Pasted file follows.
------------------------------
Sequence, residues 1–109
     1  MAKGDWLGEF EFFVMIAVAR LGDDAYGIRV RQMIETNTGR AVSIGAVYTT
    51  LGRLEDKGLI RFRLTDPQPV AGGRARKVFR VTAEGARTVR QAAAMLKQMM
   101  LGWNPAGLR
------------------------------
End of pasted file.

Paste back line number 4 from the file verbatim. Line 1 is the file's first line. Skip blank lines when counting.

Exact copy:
   101  LGWNPAGLR